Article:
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Although steel drums are among the most robust packaging manufactured in the United States, occasionally damage occurs during shipment. This can be prevalent among steel drums that are not manufactured in accordance with appropriate regulatory codes or performance standards. Often when a steel drum is imported from overseas, the container may not perform well in the diverse distribution environments encountered in the United States if the drum is not manufactured in accordance with U.S. standards.
Although users of steel drums are generally familiar with regulations regarding the transportation of hazardous materials codified in Title 49 of the Code of Federal Regulations (CFR), another body sets requirements for packaging used to transport both hazardous and nonhazardous products by motor carrier: the National Motor Freight Traffic Association (NMFTA), a nonprofit organization comprised of motor carriers operating in interstate, intrastate and foreign commerce.
NMFTA publishes the National Motor Freight Classification® (NMFC®) standard, which provides specifications, rules and requirements for the proper packaging of goods moving by motor carrier; these rules are internationally recognized. NMFC® standards are considered to be the minimum requirements necessary to ensure that goods are adequately protected and can be handled and loaded in a manner that is reasonably safe in order to withstand the normal rigors of the less-than-truckload environment. Compliance with this standard is essential to provide adequate protection for your products in the motor carrier environment for the transport. The standard also contains various procedures for the filing and disposition of freight claims. Additionally, if damage occurs to the packaging during shipment, compliance with the NMFC® standard must be demonstrated in order to provide coverage for damage claims.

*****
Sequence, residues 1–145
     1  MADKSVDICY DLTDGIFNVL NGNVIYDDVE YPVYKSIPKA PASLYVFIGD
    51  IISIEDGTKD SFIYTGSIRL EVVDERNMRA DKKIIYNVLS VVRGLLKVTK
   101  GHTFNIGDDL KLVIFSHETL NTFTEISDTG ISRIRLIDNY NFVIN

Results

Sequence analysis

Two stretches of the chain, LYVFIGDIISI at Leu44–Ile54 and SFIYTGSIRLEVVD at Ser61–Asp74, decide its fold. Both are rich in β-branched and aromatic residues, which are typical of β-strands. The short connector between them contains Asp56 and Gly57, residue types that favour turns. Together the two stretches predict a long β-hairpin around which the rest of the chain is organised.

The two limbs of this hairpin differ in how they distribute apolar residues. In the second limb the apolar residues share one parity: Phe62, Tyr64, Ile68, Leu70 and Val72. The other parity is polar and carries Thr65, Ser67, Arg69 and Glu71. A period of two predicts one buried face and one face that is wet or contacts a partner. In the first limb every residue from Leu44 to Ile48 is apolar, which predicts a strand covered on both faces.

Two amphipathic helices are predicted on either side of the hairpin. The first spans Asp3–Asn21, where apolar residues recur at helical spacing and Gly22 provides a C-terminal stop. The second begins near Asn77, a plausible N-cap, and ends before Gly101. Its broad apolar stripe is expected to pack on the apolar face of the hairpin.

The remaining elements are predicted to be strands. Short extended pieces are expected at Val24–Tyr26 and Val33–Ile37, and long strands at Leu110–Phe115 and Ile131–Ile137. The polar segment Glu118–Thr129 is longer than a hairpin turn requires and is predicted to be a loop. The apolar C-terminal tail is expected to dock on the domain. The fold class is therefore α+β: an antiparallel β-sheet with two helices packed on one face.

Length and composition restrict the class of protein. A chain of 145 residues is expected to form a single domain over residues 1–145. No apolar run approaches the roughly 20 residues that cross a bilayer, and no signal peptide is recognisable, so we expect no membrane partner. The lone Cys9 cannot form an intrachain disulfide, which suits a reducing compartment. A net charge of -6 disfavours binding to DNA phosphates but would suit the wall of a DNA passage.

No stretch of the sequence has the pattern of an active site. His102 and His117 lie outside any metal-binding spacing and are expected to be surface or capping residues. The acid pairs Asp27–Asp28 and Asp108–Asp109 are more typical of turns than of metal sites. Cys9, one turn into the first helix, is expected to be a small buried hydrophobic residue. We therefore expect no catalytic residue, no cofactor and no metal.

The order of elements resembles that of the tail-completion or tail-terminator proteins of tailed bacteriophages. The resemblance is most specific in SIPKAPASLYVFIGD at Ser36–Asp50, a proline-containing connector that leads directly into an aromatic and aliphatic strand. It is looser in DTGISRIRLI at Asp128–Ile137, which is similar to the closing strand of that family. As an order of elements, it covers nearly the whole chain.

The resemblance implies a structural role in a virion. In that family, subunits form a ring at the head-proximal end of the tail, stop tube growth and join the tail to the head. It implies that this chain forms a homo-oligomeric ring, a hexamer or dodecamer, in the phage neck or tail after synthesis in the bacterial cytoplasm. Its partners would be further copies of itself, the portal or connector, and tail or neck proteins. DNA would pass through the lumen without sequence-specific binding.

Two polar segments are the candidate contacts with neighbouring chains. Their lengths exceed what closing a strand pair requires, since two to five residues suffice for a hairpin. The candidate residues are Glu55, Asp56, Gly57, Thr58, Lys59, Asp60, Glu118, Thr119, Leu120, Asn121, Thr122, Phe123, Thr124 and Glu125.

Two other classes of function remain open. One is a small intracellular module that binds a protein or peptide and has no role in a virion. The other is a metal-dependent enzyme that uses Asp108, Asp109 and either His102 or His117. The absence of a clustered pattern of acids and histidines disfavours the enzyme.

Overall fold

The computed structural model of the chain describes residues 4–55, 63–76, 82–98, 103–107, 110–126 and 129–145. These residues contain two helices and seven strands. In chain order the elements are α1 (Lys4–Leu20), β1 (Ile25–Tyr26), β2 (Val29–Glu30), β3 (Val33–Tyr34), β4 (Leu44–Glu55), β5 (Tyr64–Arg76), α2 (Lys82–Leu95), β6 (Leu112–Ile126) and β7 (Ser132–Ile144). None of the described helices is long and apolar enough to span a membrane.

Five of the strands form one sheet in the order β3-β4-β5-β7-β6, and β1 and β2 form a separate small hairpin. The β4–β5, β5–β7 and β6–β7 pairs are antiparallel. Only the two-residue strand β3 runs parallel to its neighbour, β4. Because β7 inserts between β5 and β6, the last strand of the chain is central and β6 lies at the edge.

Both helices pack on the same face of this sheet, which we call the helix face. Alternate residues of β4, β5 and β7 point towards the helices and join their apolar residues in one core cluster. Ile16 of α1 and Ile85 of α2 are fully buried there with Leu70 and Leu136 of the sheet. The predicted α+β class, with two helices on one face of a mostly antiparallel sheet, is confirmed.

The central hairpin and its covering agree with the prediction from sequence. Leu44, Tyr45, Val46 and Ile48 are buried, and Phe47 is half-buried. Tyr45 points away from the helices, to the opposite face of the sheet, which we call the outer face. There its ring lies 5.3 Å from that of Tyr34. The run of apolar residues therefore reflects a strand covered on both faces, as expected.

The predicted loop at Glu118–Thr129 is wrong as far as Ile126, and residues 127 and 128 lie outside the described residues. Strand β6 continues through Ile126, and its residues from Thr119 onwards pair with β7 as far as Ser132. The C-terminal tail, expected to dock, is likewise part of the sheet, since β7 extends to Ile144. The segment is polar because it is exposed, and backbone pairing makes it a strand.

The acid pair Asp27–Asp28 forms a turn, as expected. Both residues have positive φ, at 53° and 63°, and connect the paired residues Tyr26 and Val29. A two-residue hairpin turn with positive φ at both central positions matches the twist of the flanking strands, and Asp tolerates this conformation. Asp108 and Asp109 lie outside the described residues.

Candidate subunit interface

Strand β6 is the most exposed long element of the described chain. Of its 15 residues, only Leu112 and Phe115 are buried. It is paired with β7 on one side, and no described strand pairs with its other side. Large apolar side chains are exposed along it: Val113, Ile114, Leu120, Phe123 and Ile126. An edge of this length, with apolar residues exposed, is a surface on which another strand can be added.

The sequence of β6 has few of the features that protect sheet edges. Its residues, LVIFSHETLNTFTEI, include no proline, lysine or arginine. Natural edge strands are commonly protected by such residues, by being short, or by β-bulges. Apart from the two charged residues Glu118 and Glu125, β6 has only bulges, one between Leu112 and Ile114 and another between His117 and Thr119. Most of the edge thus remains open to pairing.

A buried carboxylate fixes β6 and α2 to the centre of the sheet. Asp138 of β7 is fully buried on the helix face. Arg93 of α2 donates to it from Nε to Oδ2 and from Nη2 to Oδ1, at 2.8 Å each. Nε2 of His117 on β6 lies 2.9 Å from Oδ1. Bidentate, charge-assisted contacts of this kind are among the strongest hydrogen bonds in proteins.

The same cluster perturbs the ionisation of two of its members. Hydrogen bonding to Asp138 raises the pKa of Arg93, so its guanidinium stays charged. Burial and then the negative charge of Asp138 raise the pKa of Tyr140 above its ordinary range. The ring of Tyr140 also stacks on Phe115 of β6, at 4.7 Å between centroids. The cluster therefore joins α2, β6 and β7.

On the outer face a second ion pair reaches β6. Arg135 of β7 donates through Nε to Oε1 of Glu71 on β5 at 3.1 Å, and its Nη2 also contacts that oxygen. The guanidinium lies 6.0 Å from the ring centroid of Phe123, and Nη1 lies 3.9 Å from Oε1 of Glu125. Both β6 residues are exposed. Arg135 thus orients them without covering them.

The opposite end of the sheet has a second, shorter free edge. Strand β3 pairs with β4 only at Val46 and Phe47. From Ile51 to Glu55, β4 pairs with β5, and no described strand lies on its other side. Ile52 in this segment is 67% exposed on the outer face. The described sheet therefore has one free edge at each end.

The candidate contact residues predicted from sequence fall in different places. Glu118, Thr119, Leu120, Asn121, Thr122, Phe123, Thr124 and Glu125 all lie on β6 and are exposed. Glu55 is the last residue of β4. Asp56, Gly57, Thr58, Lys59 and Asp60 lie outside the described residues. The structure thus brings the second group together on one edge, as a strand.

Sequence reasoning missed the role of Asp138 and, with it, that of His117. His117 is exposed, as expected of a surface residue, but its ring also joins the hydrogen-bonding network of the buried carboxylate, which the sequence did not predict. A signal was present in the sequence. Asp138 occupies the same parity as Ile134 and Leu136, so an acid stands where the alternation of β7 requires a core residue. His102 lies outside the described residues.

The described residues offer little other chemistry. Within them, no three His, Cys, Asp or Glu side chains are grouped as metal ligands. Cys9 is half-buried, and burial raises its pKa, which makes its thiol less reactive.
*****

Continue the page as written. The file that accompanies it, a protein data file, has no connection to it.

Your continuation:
NMFC® 100-AP Item 260: Standards for Steel Drums
The section of the NMFC® standard that addresses the use of steel drums is NMFC® Item 260. When the product being shipped is not regulated by the U.S. Department of Transportation (DOT) under Title 49 CFR §178, choosing a drum that complies with NMFC® Item 260 is essential to ensure safe transportation of the product in the motor carrier environment.
The provisions set forth under NMFC® Item 260 lay out requirements for the construction and integrity of the package: construction standards and design details that specify the requirements including size and weight limits, minimum thickness, marking and the use of liners. The general requirements are as follows:
- The manufacturer’s name or an identifying symbol or trademark of manufacturer in lieu of the manufacturer’s name and which symbol or trademark must be registered with the Commodity Classification Standards Board and, if used for the shipment of hazardous materials, the U.S. DOT.
- Marking requirements for one-way drums have been changed from single trip container (STC) to “Non Reusable for Liquids.”
NMFC® Item 260 also has very specific requirements regarding construction, seaming and thickness. For more details on these requirements, visit http://www.nmfta.org/pages/nmfcpackaging.
Questions often arise concerning what entity enforces conformance to NMFC® Item 260. In fact, during roadside inspections by state officials, compliance checks with the drum standard may occur especially if packaging damage is readily apparent or an investigation occurs. It is highly recommended that purchasers of steel drums require conformance with NMFC® Item 260 in their specifications in order to avoid costly and false freight claims.
Links for More Information
- For more, visit http://www.nmfta.org/pages/nmfcpackaging
The information above is intended to provide interpretative and authoritative information as a service to our members and has been offered in good faith based on the information provided to us. We do not guarantee the accuracy or completeness of any such interpretation or information.